Danielle: I worked for a consulting partner prior to this. And quite a few clients that I was assigned to were really large insurance companies which right after the acquisition of Salesforce started purchasing Marketing Cloud and using it for Customer Engagement and Corporate Engagement, both. So knowing ExactTarget Marketing Cloud so well from back in the day. I also had the luck of being able to be on the team that wrote the original connector between Salesforce Cloud and Marketing Cloud from back in the day as well. So I knew how that worked, kind of inside and outs so. I got attached to these particular clients who are in the insurance world and helped them to come up with email campaigns, journeys and then eventually some of the other iGoDigital and these things got developed into Marketing Cloud as well. I knew the people who created those causes most of them were in Indianapolis originally at that time which is where I’m from originally.
Anthony: Oh that’s convenient.
Danielle: Yeah, it was convenient. That’s kinda how growing up in Indiana and having Indianapolis it’s where I started out with ExactTarget, right after school because it’s easy and really big at that time. And pretty much everyone knew everyone back in the day, now it’s obviously not the same. And I’m not in Indi anymore. So yes, I just helped them figure out the information they needed to have in their CRM and how we would bring that over to Marketing Cloud. What we would be able to use to segment out and you know create personalized customer engagement experiences. So I kinda have been with the companies especially if they’ve grown over the years from “hey I’m going to market and advertise it to you and that’s what I’m going to use email for” to full on engagement transactional information and obviously that segmentation and personalization it’s just here at the last few years it started to go into some of those other channels that Marketing Cloud has brought them into.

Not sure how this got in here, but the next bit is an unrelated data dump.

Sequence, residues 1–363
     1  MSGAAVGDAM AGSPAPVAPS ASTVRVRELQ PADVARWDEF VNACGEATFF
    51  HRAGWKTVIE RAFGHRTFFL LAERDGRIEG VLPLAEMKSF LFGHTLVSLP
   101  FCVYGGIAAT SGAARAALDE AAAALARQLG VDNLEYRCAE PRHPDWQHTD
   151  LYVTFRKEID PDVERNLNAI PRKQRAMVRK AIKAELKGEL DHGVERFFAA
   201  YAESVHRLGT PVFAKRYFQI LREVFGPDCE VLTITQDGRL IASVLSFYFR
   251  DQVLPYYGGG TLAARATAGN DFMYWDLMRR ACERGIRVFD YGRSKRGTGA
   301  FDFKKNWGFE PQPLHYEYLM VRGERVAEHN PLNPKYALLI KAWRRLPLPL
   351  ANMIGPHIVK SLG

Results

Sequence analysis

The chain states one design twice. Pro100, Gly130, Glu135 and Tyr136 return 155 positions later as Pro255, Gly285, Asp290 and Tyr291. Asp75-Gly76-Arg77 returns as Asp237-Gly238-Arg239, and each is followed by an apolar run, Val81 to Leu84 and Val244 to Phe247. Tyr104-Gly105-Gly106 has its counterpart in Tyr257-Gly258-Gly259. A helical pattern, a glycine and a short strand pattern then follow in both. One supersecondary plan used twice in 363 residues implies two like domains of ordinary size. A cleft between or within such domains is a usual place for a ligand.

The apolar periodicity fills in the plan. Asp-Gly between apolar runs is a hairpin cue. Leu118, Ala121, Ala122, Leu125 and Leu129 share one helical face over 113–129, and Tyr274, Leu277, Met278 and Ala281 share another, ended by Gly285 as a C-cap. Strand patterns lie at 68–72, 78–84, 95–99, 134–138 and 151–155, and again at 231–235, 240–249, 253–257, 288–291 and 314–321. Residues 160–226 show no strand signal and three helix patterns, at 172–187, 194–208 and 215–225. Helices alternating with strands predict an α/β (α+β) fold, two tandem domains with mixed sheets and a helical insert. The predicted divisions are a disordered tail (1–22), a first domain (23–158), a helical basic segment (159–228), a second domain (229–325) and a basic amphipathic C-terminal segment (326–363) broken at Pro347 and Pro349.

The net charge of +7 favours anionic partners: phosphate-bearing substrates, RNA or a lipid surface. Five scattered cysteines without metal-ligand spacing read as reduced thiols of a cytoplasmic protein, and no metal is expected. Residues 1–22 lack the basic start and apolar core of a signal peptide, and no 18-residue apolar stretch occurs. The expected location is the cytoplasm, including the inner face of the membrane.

Anthony: Right. It’s not just outbound email campaigns anymore it’s a full customer experience multi channel strategy that you can execute in Marketing Cloud.
Danielle: Yeah, absolutely.